It has been more than a year since the COVID-19 pandemic touched our lives and changed it forever. As things started to ‘normalise’, the second wave hit the country. Our health infrastructure was least prepared to face it, let alone handle it.
The pandemic can be said to be beyond our control, but the academic rigour being faced by university students in these tough times is not beyond the control of institutions. But unfortunately, most universities have failed to put up a strong and empathetic front on this issue. The very institutions that were made for the welfare of the student community have exacerbated the crisis for them. So, it is high time that we asked – is this pandemic an external one or exacerbated by our very own institutions?
The pandemic has not left anyone untouched. Some students have been directly impacted with COVID-19, while others have indirectly experienced its repercussions. Many students are struggling with arranging beds, oxygen cylinders and plasma for their kin. Where one would expect respite from academics in these extraordinary situations, the institutions are pretending as if nothing has happened. They are adamant on their vow of upholding ‘academic rigour’.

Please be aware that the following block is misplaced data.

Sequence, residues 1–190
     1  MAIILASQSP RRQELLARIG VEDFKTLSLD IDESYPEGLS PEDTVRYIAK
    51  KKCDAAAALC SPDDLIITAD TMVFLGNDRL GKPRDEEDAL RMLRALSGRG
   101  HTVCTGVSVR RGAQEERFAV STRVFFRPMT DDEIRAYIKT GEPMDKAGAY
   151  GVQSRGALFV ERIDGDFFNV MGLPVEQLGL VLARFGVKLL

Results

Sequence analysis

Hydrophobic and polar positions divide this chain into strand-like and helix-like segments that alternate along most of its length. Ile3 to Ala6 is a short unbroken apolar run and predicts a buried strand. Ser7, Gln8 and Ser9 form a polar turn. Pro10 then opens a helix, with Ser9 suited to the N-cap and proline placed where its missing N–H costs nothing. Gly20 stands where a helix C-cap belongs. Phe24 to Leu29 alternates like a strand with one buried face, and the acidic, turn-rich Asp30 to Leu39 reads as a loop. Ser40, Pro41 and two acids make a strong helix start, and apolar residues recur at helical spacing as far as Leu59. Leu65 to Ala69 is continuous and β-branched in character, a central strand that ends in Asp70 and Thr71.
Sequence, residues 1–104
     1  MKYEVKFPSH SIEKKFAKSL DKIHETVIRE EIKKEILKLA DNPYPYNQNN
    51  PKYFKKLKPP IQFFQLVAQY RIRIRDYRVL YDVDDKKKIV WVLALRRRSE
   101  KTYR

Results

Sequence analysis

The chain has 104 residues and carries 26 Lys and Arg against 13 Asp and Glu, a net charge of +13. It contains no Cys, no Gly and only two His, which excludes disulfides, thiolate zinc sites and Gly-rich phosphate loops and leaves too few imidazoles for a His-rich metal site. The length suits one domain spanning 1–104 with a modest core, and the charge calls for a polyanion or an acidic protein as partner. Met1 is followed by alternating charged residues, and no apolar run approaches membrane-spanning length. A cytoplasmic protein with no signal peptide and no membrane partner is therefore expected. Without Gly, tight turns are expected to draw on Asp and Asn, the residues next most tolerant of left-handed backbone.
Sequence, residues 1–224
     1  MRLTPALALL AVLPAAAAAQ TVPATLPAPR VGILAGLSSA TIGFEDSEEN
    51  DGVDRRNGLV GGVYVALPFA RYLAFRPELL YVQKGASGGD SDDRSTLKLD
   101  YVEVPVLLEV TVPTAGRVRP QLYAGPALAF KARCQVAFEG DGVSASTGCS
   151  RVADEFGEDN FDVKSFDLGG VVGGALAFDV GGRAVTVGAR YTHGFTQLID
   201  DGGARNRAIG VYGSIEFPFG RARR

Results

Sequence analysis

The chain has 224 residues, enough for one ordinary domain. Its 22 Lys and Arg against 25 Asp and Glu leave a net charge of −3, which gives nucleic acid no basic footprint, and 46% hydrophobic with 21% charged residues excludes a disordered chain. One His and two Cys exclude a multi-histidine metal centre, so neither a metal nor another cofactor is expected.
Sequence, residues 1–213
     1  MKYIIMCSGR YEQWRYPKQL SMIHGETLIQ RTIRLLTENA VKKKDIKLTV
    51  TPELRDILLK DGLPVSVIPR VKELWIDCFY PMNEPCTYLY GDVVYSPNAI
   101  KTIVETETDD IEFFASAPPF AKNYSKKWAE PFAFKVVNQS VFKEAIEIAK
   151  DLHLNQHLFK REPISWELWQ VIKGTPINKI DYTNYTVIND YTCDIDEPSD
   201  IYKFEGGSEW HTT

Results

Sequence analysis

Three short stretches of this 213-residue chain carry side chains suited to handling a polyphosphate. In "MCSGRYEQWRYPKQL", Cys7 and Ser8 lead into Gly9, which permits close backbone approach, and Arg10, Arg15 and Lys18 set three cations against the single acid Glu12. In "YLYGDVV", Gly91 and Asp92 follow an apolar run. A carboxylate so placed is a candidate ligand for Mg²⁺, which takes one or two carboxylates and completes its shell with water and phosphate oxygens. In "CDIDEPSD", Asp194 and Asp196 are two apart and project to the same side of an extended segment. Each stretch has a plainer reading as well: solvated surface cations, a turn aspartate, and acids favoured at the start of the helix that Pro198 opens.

Some students have lost their lives, while almost everyone has seen their loved and dear ones passing away. Does this not affect mental health? It feels like this question hardly matters for many institutions that seek to show no humanity.
Institutions have mostly acted indifferently, giving no or negligible exemptions in submission deadlines and attendance criteria nor any substantial reduction in syllabi and fees. While a few institutions have stood by their students in these tough times by providing them week-long vacations due to second peak of COVID-19, it is not enough. You do not have a normal student in front of you today who is asking for concessions. You have students who have been staring at their computer screens for more than a year now, who have been mentally and emotionally affected by all that is happening around them in the world today. This indicates that all is not ‘normal’.